- Marc Stein, ESPN Senior Writer
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NEW YORK -- After years of brushing aside the notion that he'd ever leave his comfortable desert surroundings, Steve Nash suddenly sounds like a player ready for a change of scenery.
The All-Star point guard sat down with ESPN.com this week to talk about his forthcoming free agency and admitted that, more and more, he pictures himself in a different uniform next season after spending the past eight seasons with the Phoenix Suns.
"I couldn't list a favorite," Nash said in his role of host for his annual Showdown charity soccer game in the Chinatown section of Manhattan, declining the opportunity to name the team with the best shot at signing him once free agency opens leaguewide Sunday at 12:01 a.m.
"But I do know that for the first time I realize that it might not be Phoenix. I would have said even in the middle of (last) season or last year that I would have thought I probably would have stayed in Phoenix forever. But it's come to a point now where I'm facing the reality that's not (the case)."
Asked what's changed, Nash says he senses Suns officials are ready to move in a different direction after they resisted numerous calls -- even from a pocket of Suns fans rooting for the 38-year-old to get a chance to play out his career with a title contender -- to trade Nash during each of the past two seasons. Phoenix has made two consecutive trips to the lottery in the wake of its Cinderella run to the Western Conference finals in 2010.
"I don't necessarily feel like it's a home run anymore," Nash said of re-signing with the Suns. "I don't necessarily feel like they're determined to keep me. I think there's a lot of factors. So, one, I'm not sure they're determined to keep me, (and) two, there's other opportunities that are exciting. So I think I have to be open-minded ... but at the same time be able to forecast where I'll be most successful and happiest."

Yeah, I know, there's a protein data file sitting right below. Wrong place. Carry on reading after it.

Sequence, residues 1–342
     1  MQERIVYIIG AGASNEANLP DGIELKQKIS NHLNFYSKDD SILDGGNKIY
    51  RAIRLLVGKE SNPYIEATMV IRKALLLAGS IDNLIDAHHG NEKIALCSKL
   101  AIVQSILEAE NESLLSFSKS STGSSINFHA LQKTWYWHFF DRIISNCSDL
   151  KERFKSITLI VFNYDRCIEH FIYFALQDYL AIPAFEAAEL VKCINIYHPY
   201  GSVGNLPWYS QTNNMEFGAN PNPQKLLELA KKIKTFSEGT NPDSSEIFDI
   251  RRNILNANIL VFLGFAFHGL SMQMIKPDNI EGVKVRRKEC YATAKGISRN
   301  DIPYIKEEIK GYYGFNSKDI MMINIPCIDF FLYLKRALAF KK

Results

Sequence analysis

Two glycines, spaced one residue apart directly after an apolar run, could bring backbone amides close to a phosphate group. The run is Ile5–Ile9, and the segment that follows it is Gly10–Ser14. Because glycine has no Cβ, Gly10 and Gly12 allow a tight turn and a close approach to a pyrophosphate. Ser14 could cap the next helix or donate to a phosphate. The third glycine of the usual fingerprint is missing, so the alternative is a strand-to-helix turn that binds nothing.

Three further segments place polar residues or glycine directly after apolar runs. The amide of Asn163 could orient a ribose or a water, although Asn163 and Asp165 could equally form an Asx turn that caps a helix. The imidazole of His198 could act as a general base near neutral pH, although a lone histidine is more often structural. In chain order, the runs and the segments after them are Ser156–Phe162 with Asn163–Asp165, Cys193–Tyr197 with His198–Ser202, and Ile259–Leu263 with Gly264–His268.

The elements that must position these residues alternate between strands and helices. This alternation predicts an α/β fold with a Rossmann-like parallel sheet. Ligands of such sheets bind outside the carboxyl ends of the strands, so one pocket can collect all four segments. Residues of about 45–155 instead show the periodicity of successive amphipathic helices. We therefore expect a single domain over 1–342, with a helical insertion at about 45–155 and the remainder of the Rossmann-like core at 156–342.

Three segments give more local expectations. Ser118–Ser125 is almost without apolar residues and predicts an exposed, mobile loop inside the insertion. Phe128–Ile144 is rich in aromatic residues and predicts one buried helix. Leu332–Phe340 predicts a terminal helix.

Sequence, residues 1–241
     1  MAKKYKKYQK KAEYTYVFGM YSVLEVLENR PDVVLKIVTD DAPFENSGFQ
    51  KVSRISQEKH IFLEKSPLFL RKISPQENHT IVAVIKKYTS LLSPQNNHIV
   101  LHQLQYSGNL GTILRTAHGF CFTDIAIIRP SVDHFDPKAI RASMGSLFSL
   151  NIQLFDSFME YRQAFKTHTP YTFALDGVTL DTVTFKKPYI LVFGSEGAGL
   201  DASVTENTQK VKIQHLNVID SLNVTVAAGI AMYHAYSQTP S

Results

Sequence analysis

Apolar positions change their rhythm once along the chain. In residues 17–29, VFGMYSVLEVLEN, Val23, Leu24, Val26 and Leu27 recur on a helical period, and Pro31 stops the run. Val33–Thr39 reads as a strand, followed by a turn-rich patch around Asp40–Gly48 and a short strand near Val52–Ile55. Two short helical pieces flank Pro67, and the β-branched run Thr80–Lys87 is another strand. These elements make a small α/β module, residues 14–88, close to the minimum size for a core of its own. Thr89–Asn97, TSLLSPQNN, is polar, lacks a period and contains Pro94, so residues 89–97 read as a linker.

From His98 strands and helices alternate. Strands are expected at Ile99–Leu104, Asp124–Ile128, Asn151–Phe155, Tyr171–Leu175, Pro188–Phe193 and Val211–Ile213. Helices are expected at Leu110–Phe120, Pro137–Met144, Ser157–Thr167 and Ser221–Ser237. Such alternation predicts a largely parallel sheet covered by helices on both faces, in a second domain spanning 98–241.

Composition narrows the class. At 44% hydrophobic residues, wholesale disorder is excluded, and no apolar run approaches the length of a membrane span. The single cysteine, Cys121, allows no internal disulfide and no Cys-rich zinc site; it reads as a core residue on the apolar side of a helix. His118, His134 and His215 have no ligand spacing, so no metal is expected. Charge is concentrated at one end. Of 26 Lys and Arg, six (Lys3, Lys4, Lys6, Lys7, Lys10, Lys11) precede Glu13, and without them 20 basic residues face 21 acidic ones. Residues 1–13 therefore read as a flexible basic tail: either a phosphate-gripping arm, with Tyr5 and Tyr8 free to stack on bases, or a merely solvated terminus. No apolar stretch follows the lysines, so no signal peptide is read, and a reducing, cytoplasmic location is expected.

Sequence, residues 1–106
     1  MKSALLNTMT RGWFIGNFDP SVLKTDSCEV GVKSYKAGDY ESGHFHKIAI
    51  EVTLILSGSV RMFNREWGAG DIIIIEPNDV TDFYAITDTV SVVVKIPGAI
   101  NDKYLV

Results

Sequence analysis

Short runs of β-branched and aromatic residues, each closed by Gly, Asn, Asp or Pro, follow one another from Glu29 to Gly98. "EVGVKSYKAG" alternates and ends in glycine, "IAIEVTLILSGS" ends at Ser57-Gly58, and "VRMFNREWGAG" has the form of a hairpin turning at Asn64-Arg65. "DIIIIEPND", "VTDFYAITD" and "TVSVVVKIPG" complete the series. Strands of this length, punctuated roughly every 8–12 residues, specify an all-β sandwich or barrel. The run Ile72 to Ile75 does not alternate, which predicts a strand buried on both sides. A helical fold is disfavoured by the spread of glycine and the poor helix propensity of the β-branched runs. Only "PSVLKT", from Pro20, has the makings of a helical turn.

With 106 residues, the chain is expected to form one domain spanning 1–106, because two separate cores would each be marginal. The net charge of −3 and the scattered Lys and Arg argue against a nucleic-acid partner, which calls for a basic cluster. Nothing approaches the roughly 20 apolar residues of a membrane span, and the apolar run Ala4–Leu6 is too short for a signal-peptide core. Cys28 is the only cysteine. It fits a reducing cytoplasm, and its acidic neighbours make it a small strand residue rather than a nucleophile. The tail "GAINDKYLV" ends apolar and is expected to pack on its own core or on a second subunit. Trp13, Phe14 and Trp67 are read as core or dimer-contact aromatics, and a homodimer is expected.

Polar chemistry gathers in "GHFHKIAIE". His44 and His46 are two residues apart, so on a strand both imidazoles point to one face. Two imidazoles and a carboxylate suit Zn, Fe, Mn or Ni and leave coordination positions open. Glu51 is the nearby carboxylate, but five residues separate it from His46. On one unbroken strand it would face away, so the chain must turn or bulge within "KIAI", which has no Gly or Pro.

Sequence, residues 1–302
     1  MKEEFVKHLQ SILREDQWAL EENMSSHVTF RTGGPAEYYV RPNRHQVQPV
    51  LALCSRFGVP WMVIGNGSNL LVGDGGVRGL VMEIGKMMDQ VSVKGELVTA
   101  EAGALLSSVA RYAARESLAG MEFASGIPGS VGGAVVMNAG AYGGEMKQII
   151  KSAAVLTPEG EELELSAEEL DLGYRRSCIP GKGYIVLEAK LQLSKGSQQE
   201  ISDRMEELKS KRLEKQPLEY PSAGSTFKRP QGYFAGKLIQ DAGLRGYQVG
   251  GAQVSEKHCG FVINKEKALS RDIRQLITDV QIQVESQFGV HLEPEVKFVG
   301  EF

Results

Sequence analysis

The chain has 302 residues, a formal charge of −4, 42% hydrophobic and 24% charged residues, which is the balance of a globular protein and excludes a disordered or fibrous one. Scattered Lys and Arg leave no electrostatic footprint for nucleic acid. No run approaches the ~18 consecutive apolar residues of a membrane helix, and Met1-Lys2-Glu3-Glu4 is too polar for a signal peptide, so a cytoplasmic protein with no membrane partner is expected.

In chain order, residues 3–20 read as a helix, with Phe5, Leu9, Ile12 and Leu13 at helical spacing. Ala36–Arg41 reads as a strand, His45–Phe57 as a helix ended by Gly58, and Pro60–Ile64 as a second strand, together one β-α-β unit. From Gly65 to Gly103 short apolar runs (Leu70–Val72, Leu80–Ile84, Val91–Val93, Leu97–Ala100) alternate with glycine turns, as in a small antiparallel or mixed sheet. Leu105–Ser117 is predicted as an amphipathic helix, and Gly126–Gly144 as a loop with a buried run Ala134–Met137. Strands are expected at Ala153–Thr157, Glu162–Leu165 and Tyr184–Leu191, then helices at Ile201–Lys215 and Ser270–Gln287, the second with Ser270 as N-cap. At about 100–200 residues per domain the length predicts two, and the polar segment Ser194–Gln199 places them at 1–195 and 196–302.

Nash has made it a point in recent interviews to stress that he's "open to everything" and say he'll listen to any team that calls, but industry sources monitoring the free-agent market have identified four teams that pose the greatest danger to the Suns in terms of signing Nash away: Toronto, Dallas, New York and Brooklyn.
Raptors president of basketball operations Bryan Colangelo, who headed the Phoenix contingent that swooped into Dallas in July 2004 and convinced Nash to leave the Mavericks to return to the team that drafted him in less than 24 hours, is planning a similar approach to courting Canada's best-ever player.
Sources say at least five members of the Raptors organization will be waiting in New York this weekend to visit Nash as soon as he's ready Sunday, with Toronto widely expected to make the richest financial offer he receives this offseason. The offer is likely to approach $12 million annually, sources say.